One issue I did have, however, was when I was cutting over RDM LUNs on a number of virtualised clusters. The problem was, basically, that after remapping the RDM on the first guest, I was unable to see the RDM files on the second guest. While some people in our environment believe it’s acceptable to run single-node clusters, I don’t.
It turns out that, and I can’t remember when exactly, the behaviour of vCenter changed to mask RDMs that are already presented to a guest. For those of you playing at home, we’re running the latest vCenter 2.5 (build 227637). So, I needed to add the following setting to the Advanced Settings in vCenter’s configuration. The setting is vpxd.filter.rdmFilter and it should be set to false. Also worthy of note is that this doesn’t seem to survive restarts of the vCenter service. But that’s probably because I’ve done something boneheaded.
Here’s what you need to do.
Then click on Add Row to add the desired settings and you’ll be able to add the RDMs to multiple guests.
Somehow, a colleague of mine put an ESX host in a cluster into maintenance mode while VMs were still running. Or maybe it just happened to crash when she was about to do this. I don’t know how, and I’m not sure I still believe it, but I saw some really weird stuff last week. the end result was that VMs powered off ungracefully, and the host became unresponsive, and things were generally bad. We started adding VMs back to other hosts, but one VM had locked files. Check out this entry at Gabe’s Virtual World on how to address this, but basically you want to ps, grep and kill -9 some stuff.
ps -elf | grep vmname
kill -9 PID
And you’ll find that it’s probably the vmdk files that are locked, not necessarily the vmx file.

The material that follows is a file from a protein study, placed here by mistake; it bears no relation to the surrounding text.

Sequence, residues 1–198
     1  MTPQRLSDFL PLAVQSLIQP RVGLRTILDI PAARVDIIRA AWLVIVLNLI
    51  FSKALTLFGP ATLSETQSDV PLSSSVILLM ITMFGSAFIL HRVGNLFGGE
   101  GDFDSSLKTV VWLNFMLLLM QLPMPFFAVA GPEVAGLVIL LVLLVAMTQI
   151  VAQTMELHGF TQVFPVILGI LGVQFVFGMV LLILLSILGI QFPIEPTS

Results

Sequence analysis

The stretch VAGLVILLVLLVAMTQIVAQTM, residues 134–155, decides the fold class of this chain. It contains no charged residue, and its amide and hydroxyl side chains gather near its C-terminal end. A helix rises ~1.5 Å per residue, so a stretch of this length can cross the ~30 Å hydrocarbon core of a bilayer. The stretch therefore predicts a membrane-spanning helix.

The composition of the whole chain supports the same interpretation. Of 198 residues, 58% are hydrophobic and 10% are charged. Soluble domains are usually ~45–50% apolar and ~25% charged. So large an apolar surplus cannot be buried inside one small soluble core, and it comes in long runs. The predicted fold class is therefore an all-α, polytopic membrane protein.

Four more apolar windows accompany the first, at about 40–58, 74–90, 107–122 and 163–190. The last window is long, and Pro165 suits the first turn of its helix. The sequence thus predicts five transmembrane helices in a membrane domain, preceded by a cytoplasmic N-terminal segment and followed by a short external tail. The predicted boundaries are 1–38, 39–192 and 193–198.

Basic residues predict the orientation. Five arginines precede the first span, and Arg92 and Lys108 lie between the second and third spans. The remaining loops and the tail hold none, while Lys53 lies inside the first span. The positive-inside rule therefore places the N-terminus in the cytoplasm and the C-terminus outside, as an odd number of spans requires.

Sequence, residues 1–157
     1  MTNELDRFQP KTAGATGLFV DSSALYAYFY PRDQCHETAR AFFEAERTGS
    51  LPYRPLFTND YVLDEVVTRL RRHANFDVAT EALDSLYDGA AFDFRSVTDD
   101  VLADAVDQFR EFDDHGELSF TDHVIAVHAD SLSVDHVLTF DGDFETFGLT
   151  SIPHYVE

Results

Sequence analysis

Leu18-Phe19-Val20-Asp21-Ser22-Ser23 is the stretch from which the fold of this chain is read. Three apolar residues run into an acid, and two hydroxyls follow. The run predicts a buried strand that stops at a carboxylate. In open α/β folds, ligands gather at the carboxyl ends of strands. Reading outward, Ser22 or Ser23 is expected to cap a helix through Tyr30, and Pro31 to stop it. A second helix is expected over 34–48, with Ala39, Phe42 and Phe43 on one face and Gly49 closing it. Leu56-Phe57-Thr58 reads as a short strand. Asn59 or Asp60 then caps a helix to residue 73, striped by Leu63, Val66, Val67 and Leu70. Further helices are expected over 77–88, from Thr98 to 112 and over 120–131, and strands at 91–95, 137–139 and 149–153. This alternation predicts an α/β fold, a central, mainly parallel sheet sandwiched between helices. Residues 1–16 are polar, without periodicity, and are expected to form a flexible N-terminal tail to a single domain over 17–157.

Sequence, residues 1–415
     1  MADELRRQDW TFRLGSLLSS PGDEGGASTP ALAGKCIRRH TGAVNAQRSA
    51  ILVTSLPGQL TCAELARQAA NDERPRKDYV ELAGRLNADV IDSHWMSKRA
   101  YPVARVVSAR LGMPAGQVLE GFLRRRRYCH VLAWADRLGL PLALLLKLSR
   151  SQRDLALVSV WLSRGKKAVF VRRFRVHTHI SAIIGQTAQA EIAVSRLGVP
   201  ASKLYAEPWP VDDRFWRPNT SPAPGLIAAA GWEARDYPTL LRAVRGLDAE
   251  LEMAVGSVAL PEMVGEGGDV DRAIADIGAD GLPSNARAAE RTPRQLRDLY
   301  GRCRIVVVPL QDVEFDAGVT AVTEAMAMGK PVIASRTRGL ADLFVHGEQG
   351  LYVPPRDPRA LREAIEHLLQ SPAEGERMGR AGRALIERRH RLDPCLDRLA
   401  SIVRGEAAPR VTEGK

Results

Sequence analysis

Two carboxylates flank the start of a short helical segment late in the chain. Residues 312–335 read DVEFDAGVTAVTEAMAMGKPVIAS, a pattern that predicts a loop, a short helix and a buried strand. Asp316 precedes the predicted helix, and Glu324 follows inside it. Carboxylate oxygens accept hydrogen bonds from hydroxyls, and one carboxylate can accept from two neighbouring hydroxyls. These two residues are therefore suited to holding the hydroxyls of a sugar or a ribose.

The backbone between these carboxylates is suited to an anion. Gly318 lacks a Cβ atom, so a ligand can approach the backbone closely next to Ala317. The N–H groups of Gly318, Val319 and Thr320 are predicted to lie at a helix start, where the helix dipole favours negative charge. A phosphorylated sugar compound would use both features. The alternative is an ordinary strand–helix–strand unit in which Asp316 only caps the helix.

It was a busy year, and I don’t normally do these type of posts, but I thought I’d try to do a year in review type thing so I can look back at the end of 2010 and see what kind of promises I’ve broken. Also, the Exchange Guy will no doubt enjoy the size comparison. You can see what I mean by that here.
In any case, here’re some broad stats on the site. In 2008 the site had 14966 unique visitors according to Advanced Web Statistics 6.5 (build 1.857). But in 2009, it had 15856 unique visitors – according to Advanced Web Statistics 6.5 (build 1.857). That’s an increase of some 890 unique visitors, also known as year-on-year growth of approximately 16.82%. I think. My maths are pretty bad at the best of times, but I normally work with storage arrays, not web statistics. In any case, most of the traffic is no doubt down to me spending time editing posts and uploading articles, but it’s nice to think that it’s been relatively consistent, if not a little lower than I’d hoped. This year (2010 for those of you playing at home), will be the site’s first full year using Google analytics, so assuming I don’t stuff things up too badly, I’ll have some prettier graphs to present this time next year. That said, MYOB / smartyhost are updating the web backend shortly so I can’t make any promises that I’ll have solid stats for this year, or even a website :)
What were the top posts? Couldn’t tell you. I do, however, have some blogging-type goals for the year:
1. Blog with more focus and frequency – although this doesn’t mean I won’t throw in random youtube clips at times.
2. Work more on the promotion of the site. Not that there’s a lot of point promoting something if it lacks content.
3. Revisit the articles section and revise where necessary. Add more articles to the articles page.
On the work front, I’m architecting the move of my current employer from a single data centre to a 2+1 active / active architecture (from a storage and virtualisation perspective). There’s more blades, more CLARiiON, more MV/S, some vSphere and SRM stuff, and that blasted Cisco MDS fabric stuff is involved too. Plus a bunch of stuff I’ve probably forgotten. So I think it will be a lot of fun, and a great achievement if we actually get anything done by June this year. I expect there’ll be some moments of sheer boredom as I work my way through 100s of incremental SAN Copies and sVMotions. But I also expect there will be moments of great excitement when we flick the switch on various things and watch a bunch of visio illustrations turn into something meaningful.
Or I might just pursue my dream of blogging about the various media streaming devices on the market. Not sure yet. In any case, thanks for reading, keep on reading, tell your friends, and click on the damn Google ads.